26 MAY 1939, Page 38

This book (Cape, 7s. 6d.) is Mr. Idriess's best so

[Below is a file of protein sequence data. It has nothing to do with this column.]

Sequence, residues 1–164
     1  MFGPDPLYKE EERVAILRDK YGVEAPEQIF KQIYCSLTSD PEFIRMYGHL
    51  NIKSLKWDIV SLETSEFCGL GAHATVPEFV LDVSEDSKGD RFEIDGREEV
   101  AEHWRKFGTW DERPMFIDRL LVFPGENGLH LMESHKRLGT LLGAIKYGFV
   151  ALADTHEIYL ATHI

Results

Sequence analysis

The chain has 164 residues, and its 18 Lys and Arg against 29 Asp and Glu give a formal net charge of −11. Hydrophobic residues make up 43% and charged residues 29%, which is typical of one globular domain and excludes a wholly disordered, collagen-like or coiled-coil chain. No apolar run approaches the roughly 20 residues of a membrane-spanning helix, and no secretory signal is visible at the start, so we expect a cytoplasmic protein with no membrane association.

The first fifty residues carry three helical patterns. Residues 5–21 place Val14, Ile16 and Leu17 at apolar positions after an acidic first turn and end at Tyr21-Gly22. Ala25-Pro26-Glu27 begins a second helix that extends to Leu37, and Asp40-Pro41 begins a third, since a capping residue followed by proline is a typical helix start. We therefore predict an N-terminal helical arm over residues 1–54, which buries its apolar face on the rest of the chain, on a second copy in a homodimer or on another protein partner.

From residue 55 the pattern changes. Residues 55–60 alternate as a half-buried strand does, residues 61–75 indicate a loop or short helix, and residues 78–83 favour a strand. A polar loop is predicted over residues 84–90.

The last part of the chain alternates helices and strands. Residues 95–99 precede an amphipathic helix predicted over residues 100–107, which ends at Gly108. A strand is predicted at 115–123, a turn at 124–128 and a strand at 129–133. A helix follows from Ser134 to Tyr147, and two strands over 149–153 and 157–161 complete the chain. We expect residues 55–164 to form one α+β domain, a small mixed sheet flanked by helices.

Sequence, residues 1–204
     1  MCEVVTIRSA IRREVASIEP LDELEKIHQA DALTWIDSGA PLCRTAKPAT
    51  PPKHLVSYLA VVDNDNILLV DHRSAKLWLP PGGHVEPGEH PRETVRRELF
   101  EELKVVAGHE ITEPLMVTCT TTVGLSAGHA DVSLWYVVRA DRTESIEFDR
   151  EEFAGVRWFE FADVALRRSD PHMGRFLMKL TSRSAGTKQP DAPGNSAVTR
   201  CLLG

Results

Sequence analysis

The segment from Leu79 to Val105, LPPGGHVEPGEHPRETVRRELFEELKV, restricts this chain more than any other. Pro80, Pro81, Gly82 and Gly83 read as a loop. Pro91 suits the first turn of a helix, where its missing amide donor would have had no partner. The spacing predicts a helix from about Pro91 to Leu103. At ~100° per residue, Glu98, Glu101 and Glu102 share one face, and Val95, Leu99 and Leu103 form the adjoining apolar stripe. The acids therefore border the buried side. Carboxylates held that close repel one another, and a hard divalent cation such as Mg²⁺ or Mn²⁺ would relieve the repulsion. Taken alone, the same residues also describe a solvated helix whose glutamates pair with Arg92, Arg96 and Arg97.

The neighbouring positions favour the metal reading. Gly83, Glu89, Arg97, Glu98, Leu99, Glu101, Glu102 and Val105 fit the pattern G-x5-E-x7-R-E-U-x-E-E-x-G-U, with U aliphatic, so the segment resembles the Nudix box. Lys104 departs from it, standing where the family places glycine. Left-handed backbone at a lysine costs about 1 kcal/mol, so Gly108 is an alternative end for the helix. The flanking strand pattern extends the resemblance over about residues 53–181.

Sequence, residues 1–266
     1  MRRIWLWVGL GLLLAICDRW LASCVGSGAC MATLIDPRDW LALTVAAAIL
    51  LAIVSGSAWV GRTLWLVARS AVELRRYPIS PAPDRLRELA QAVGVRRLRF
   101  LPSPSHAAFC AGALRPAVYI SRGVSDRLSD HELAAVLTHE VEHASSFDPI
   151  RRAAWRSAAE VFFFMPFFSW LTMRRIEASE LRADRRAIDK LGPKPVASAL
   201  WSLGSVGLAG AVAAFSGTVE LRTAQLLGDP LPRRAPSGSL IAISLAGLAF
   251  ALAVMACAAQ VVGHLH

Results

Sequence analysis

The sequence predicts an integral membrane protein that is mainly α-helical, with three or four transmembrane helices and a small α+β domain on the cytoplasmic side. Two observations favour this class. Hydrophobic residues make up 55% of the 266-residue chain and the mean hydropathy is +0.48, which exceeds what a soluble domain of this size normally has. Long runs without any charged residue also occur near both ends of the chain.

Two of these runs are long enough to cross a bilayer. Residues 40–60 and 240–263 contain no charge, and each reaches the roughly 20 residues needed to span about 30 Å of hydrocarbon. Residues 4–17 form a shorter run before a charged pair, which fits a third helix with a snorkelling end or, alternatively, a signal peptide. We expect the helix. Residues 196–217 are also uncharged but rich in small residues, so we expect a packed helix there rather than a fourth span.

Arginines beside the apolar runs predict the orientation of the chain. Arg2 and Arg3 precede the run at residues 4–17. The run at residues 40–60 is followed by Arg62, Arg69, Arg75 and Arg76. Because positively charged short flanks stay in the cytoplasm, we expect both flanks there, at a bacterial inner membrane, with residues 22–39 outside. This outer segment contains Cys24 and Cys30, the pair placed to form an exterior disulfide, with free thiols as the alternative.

far. He still uses some of the cheap stylistic tricks that marred Lasseter's Last Ride, such as using "shrug" as a verb of speech, and over-using the phrase" A man could . . ." do this, that and the other. And his dialogue does not always ring true. But his descriptions of wild life certainly do, though on a mangrove-fringed Pacific island nature is often incredibly fantastic and horrible. Years ago the author and a fellow prospector called Charlie worked a tin claim on a ten-acre island off the Cape York peninsula of Australia. Idriess intended stopping a month, but Charlie turned out to have fits of madness, and to have arranged with the captain of the relief boat not to call for them till he made a certain signal. So they lived a cat-and-dog life on different parts of the island, existing mostly on crabs and cod caught with home- made spears. A plague of sand-flies, a high tide that swamped the only fresh-water spring, Charlie's murderous attacks, and a visit by Japanese opium smugglers, added to the excitement. It all makes a most gripping story, and this, the author's second version of it (the original was his first book, and pub- lished only in Australia) deserves success.